Business valuation is as much an art as it is a science. The “science” is a series of prescribed processes and analyses you need to perform on the path to reaching credible results, which most accountants (myself included) learn a classroom. The “art” comes from the significant professional judgement that must be applied to reach credible results.
This is part of a series to explore some of the complexities and nuances of business valuation in the context of litigation. In it, we refer to “The Science” and “The Art” of business valuation, generally referring to difference between the theoretical, prescriptive practice of business valuation and the more nuanced realities, respectively.
Guideline Companies and Transactions
One approach is to consider how the marketplace values similar companies. This can be done by both by considering (i) how much was paid to acquire the entirety of similar, closely-held companies, (ii) market capitalization of similar publicly-traded companies, or (iii) how much was paid to acquire shares of the subject company. These are broadly referred to as guideline companies or guideline transactions. Both are common practice and generally accepted within valuation circles.
Next step: select your guideline transactions. The Science makes this process easy: in a classroom seating, there are no shortage of companies sold or publicly traded companies that are similar to the subject company and close enough to the date of value to be meaningful applied. The Art is rarely so conveniences. For context, I struggled to write the viewpoint of The Science without laughing at the absurdity of it.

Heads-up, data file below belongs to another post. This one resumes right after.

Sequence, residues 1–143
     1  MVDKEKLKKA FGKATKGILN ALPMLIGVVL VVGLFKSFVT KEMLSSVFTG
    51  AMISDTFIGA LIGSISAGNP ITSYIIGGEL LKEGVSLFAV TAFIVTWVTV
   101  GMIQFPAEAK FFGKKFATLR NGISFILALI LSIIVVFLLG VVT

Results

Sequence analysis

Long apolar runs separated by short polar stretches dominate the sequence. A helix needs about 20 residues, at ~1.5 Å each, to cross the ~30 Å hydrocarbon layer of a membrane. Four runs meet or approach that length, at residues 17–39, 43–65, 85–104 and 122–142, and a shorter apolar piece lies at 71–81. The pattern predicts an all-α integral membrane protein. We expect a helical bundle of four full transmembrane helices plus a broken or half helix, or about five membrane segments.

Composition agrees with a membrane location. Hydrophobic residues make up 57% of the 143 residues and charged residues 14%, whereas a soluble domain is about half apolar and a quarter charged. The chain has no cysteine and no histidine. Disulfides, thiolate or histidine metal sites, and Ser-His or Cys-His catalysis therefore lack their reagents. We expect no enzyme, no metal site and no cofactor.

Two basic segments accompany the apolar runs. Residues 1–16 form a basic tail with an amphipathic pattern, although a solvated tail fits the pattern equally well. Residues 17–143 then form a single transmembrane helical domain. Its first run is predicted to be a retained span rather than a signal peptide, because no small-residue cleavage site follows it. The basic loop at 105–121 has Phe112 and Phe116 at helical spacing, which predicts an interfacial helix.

Once you’ve selected your guideline companies or transactions, they need to be expressed to your subject company. This is usually calculated as multiples. But how do you chose which of the guideline multiples to use? The Art once against is about knowing from experience. Things to consider (this is not intended to be an exhaustive list):
- More profitable company will demand a higher price multiple.
- How comparable are these companies? Sometimes there isn’t good market information available, necessity drives innovative thinking. These guideline transactions might be worth giving lesser weight.
- Ask your client. No matter how informed appraisers are, our clients are going to be more familiar and better informed regarding their business than we are.
Ultimately, the objective it to condense your guideline transactions down to a single multiple.
What’s left over?
For more information on this subject, consider reading the other articles in this series:
Absurd rhetorical device notwithstanding, business valuation is both a science and an art. The Science may tell you what to do, The Art is in knowing how to do it. The good news is there are any number of competent appraisers who can help you do just that.